The only organization dedicated solely to helping state boards advance equity and excellence in public education.


During the 2015–16 school year, about one in seven students was chronically absent, missing at least 10 percent of school days. An early warning sign of academic risk and school dropout, chronic absence predicts school failure more reliably than test scores. To understand the drivers of chronic absence, state boards of education should examine data on student health in their state. This policy update suggests questions for state boards to ask and actions they can take to address chronic absence.


Examining Chronic Absence through a Student Health Lens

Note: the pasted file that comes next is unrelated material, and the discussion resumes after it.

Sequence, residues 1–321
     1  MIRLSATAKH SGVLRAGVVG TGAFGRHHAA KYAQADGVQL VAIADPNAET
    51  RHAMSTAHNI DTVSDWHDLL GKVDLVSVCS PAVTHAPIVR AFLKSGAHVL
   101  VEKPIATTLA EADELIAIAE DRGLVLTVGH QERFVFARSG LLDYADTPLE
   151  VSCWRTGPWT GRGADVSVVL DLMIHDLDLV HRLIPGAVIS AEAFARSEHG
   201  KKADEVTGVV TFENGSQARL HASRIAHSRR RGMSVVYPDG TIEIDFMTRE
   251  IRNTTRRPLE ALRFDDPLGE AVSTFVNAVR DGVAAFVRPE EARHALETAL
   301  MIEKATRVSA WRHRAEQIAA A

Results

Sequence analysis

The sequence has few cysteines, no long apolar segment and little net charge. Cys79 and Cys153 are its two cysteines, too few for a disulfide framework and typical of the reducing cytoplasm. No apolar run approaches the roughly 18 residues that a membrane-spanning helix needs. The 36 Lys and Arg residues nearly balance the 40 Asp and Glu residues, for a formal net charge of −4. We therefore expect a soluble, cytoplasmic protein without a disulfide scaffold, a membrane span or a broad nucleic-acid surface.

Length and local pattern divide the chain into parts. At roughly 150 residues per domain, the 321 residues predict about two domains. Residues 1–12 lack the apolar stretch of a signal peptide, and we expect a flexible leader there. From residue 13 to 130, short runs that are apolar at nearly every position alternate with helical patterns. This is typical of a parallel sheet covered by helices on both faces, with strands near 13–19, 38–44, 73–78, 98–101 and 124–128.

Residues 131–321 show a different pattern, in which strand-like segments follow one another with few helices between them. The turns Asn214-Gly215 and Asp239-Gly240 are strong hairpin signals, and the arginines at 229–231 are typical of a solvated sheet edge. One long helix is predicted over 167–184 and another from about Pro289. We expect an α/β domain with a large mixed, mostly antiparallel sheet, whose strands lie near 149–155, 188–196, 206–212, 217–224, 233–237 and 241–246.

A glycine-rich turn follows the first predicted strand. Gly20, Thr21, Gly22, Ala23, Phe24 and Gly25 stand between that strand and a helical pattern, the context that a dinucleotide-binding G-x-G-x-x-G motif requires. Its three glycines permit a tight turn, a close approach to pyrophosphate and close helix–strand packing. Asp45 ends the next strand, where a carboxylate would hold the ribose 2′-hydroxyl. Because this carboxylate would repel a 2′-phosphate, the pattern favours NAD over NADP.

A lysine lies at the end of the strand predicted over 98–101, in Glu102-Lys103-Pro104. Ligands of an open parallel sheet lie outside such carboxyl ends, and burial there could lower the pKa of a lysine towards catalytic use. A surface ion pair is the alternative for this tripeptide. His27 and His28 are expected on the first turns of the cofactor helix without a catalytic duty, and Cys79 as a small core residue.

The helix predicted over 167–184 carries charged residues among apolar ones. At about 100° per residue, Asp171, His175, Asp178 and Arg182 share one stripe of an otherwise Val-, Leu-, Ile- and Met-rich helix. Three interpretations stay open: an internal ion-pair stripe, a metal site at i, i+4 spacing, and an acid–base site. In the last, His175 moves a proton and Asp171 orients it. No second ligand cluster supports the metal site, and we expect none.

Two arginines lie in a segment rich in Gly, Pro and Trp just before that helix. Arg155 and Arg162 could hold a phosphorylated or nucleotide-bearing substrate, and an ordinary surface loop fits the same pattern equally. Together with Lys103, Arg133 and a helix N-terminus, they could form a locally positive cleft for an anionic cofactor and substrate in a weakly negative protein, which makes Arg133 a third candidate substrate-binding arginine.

Related Content



Featured Items

Image Credit: iStock i

Reimagining School

Bolstered by American Rescue Plan funds and lessons learned during pandemic-induced school closures, state policymakers have an opportunity to reexamine and reform their education systems.
African-American teacher reading to school children. Image credit: iStock i

State Boards Seek Increased Educator Diversity

This NASBE analysis highlights four states—Connecticut, Kentucky, Massachusetts, and North Carolina—that have taken significant steps to increase educator diversity.
Image Credit: iStock i

Developing State and District Parent Engagement Policies

Kentucky state board member and special education teacher Allison Slone urges state boards of education to seize the opportunity the pandemic created to strengthen policies to ensure that parents and caregivers can engage meaningfully in school decision making.

Upcoming Events

From the States